Given the lack of knowledge about the "true" attributes of objects, convergence across different methods for the same attribute is often the best alternative. This type of validity has been called convergent validity (Campbell & Fiske, 1959). Demonstrating convergent validity is not sufficient, however, because convergence alone does not yet guarantee that the methods measure what they should measure. It only shows that the methods measure the same factors. As previously outlined, some or even all of the common factors two methods share may be diagnosti-cally irrelevant. Therefore, additional validation strategies and validity criteria are important (Cronbach & Meehl, 1955; Messick, 1989). In the present context, discriminant validity is a criterion of special interest (Campbell & Fiske, 1959). If a method predominantly measures what it should, it will not converge with measures for attributes unrelated to the attribute of interest, whereas highly consistent individual differences across several intelligence tests indicate convergent validity, equally consistent individual differences between an intelligence test and a creativity test indicate a lack of discriminant validity for either one or both tests.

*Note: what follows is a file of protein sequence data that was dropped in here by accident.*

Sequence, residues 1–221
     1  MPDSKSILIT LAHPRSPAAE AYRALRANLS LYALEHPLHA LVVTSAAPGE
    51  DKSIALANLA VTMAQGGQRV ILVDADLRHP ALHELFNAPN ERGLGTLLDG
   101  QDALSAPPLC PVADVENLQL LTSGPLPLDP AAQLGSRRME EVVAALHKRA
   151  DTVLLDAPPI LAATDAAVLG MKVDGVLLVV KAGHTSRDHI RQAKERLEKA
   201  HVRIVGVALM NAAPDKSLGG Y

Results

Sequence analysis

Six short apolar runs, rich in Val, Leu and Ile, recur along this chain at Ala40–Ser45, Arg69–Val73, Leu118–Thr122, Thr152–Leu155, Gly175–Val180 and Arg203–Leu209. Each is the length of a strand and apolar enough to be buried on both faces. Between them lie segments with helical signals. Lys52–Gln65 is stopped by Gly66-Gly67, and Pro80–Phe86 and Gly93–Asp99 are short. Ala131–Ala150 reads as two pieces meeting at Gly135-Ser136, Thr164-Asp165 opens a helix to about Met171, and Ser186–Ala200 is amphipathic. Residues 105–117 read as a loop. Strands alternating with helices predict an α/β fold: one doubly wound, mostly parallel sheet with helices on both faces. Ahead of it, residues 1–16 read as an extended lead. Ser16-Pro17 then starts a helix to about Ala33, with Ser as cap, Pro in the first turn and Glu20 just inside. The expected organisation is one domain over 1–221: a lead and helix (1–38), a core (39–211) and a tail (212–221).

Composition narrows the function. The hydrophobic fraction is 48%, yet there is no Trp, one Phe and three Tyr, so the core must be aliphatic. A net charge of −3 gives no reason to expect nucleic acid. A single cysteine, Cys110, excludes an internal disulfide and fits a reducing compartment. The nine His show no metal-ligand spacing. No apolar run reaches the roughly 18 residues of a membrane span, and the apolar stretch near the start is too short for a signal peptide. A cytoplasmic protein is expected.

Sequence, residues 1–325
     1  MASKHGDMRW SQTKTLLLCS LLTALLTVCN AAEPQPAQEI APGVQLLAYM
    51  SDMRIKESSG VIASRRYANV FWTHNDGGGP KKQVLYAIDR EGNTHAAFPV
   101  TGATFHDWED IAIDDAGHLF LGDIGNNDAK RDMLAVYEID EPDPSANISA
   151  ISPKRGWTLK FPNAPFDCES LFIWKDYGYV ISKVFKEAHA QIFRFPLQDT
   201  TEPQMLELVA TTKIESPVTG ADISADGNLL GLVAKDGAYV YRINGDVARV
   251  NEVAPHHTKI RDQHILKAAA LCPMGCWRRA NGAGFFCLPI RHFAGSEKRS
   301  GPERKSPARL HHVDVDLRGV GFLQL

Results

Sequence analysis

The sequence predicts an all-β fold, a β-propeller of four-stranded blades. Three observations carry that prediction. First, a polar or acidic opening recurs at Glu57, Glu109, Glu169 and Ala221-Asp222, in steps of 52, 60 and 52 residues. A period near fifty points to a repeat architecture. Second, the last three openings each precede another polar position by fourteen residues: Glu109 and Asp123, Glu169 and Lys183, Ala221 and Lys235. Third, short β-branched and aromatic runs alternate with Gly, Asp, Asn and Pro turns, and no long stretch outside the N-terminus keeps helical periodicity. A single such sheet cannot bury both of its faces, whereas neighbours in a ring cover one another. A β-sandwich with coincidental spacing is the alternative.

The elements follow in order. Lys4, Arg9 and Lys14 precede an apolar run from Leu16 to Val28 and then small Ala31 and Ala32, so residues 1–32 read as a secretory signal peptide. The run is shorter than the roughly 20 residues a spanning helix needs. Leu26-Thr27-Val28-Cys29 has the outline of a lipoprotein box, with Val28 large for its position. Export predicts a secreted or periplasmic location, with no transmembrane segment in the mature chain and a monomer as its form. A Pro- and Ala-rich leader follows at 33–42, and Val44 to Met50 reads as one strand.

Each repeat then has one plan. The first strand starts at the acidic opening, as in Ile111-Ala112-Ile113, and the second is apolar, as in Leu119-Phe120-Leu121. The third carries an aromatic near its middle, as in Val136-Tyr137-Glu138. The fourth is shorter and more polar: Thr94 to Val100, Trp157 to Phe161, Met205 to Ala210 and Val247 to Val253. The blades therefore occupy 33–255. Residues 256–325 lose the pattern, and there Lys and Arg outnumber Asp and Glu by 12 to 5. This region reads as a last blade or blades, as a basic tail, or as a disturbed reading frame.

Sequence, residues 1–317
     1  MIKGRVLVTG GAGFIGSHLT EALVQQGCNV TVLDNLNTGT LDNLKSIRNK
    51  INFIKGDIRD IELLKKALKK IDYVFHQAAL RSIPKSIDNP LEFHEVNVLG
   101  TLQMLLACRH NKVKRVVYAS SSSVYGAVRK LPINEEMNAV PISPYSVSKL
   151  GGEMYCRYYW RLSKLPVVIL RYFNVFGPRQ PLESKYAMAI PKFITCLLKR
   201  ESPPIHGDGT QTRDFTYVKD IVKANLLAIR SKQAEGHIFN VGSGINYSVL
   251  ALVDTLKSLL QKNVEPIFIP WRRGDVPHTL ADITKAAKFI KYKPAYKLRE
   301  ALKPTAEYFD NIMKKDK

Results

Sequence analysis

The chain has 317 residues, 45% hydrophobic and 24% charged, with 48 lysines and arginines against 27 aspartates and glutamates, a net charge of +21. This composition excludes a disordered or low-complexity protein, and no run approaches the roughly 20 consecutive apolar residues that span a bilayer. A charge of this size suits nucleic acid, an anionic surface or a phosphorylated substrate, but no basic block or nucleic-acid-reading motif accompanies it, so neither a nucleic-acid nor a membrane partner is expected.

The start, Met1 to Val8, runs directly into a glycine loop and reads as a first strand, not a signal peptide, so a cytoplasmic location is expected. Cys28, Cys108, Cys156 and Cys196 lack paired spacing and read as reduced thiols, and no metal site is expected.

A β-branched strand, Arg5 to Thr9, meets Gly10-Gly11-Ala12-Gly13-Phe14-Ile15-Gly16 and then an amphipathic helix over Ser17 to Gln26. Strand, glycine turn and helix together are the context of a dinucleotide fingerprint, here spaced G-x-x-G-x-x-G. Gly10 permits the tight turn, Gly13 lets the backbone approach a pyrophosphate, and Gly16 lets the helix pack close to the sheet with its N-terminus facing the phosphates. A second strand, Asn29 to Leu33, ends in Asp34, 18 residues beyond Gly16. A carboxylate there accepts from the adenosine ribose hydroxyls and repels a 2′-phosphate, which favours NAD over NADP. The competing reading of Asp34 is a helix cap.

The above example shows that demonstrating discriminant validity is more difficult than demonstrating convergent validity. This is true because the divergence of two methods indicates their validity only to the extent that the attributes they measure are truly unrelated (e.g., we can expect divergence between an intelligence test and a creativity test only to the extent that intelligence and creativity are unrelated). Yet how can we know the true relation without valid measures? This problem again points to the importance of theory. If a theory states that intelligent individuals are also more creative (Lubart, 2003), some convergence of intelligence tests and creativity tests must occur and total divergence may raise concerns about the validity of either one or both tests.
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